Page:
A couple of thoughts on Joshua Rozenberg’s Unforced errors blog

There is an interesting blog from @JoshuaRozenberg on Archie Battersbee’s case, well worth reading, with a response from one of the barristers involved. I tried to comment on the blog itself but could not (paywalled comments) so I tweeted out a thread which I am now blogging, with some additions, here. I don't have any … Continue reading A couple of thoughts on Joshua Rozenberg’s Unforced errors blog

Agency over technocracy: how lawyer archetypes infect regulatory approaches: the FCA example

I am delighted to say a piece I did with Trevor Clark, Steven Vaughan, and Alan Brener has been published Open Access in Legal Ethics. Here is the abstract. it's about why the FCA was wrong to chicken out of bringing legal properly into the Senior Manager's Regime. That sentence was too short for an … Continue reading Agency over technocracy: how lawyer archetypes infect regulatory approaches: the FCA example

Judges ‘returning to practice’ (a footnote)

A quick postscript Monday's post on the following documents drawn to my attention by a kind reader. A Ministry of Justice Evidence Pack on Judicial Pay 2022/23 dating February this year appears to assume salaried judges cannot return to private practice: Salaried judges are unique in public service in that they are unable to return … Continue reading Judges ‘returning to practice’ (a footnote)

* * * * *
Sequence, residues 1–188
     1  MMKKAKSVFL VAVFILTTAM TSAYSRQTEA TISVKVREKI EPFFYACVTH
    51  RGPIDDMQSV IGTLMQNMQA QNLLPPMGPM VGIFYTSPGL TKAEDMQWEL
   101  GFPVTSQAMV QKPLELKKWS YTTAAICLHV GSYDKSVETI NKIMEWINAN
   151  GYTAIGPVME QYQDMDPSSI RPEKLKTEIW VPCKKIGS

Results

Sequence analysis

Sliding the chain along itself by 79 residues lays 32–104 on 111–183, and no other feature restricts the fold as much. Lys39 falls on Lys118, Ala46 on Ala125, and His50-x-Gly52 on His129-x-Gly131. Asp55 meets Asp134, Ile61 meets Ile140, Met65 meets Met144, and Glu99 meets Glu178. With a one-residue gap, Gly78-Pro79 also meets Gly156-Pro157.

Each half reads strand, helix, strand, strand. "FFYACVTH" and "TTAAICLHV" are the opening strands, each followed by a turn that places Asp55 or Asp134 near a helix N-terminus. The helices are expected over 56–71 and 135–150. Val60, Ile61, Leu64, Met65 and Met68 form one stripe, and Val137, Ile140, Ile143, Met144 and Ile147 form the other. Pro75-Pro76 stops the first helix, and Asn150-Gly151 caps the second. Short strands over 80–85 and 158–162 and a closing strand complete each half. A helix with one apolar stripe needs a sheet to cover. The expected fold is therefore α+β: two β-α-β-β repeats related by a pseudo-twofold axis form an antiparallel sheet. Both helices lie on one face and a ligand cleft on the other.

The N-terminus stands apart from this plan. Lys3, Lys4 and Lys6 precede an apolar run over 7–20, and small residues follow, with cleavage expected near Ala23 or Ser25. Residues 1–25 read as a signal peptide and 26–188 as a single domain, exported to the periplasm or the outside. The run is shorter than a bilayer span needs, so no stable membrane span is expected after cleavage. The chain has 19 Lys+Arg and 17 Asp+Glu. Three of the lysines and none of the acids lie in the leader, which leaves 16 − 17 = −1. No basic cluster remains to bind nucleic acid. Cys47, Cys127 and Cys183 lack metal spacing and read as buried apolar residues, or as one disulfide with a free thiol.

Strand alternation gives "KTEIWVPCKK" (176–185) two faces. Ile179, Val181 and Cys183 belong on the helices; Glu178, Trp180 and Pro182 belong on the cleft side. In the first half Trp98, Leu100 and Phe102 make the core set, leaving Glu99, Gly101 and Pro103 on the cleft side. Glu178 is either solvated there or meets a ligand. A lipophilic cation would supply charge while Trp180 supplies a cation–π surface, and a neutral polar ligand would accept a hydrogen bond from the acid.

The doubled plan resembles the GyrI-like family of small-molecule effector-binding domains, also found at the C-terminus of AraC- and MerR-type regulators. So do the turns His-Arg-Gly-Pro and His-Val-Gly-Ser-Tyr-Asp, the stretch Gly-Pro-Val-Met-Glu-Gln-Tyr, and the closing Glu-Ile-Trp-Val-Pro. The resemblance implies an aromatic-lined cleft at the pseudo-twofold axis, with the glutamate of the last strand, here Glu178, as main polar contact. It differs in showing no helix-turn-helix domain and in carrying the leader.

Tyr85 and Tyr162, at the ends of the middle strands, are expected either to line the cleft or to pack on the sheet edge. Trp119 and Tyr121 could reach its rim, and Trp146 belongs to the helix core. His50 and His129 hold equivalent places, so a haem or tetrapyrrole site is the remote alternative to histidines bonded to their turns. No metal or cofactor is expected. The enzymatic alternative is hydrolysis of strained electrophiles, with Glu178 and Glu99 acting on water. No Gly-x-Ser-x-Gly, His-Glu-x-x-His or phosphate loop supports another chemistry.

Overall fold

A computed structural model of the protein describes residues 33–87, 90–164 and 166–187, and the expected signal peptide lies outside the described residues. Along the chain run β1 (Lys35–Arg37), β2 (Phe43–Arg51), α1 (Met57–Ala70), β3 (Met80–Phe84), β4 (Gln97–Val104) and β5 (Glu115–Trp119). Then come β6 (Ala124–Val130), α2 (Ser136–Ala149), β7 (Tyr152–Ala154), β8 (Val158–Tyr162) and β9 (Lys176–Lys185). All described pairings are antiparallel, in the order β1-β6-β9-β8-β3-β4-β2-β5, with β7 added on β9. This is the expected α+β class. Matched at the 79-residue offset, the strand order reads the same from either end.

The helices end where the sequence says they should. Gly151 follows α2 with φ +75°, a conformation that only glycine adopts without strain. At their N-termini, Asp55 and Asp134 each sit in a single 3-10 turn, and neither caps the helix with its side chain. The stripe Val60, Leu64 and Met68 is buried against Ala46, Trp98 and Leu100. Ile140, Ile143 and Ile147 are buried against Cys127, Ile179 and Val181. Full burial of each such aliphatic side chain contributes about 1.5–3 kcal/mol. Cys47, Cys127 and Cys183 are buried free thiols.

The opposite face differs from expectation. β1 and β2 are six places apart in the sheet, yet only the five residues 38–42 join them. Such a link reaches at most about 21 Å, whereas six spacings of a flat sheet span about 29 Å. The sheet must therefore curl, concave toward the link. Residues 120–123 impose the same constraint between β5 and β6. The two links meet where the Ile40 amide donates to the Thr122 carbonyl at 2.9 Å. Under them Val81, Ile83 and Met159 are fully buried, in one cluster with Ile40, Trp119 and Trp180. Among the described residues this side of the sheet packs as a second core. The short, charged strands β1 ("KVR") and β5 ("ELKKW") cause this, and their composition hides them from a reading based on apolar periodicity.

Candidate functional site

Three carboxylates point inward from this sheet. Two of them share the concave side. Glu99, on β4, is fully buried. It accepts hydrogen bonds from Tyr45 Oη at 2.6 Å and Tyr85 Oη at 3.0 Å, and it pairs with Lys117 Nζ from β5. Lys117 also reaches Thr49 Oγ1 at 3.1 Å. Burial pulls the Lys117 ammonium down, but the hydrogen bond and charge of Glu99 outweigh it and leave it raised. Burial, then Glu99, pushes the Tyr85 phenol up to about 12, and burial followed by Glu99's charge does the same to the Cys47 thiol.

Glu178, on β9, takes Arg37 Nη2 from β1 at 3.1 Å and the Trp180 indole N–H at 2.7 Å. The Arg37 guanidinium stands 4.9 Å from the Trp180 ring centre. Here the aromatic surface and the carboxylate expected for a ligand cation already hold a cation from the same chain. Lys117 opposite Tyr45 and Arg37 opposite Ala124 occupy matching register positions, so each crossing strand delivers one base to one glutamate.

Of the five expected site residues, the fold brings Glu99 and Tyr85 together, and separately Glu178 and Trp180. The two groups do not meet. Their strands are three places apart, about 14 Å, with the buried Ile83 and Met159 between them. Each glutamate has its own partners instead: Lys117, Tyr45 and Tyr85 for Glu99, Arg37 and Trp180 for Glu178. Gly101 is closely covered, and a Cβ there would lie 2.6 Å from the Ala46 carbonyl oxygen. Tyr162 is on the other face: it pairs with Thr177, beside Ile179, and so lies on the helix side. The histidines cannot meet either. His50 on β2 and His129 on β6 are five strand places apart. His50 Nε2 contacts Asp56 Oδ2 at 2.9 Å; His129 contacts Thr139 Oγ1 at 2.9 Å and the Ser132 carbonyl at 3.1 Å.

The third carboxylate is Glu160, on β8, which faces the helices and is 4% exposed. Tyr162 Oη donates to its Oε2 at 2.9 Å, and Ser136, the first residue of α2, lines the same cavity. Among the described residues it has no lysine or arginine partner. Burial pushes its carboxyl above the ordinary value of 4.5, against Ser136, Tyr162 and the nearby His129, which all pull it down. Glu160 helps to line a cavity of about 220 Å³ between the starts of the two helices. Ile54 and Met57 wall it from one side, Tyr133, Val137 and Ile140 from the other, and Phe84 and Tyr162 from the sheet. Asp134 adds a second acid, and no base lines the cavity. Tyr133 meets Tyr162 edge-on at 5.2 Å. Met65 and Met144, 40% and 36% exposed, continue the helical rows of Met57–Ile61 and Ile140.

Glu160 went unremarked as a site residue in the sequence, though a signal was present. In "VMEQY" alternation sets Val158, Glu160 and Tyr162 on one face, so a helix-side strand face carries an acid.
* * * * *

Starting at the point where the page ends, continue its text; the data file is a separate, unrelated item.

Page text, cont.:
Independent investigations: pick your own judge

The FT contained a fascinating story on Freshfields investigation (£) into “the Reichelt affair” which it says “shows the inherent tension of compliance investigations — a system of corporate governance riddled with conflicts that is paid for, managed and communicated by a company itself.” I’m not going to analyse that in detail, not least because … Continue reading Independent investigations: pick your own judge

Climate Change and the Rule of Law(yers)

By Professor Steven Vaughan, Professor of Law and Professional Ethics at UCL Laws Lawyers are everywhere when it comes to climate change, whether they realise or not. They lubricate, lobby, legislate, and litigate. They make things happen (the buying and selling of fossil-fuel fired plants; the raising of finance for an energy-to-waste facility; and so on). … Continue reading Climate Change and the Rule of Law(yers)

Lawfare: “an industry that hides evil in plain sight”?

A recent Commons debate on “Lawfare and the UK Court System” called by Conservative MP David Davis and Labour MP Liam Byrne is worthy of note. It is long, but also worth reading. Let me try and summarise what was said. The central accusation is that “These people [the rich, large organisations, and rich Russians … Continue reading Lawfare: “an industry that hides evil in plain sight”?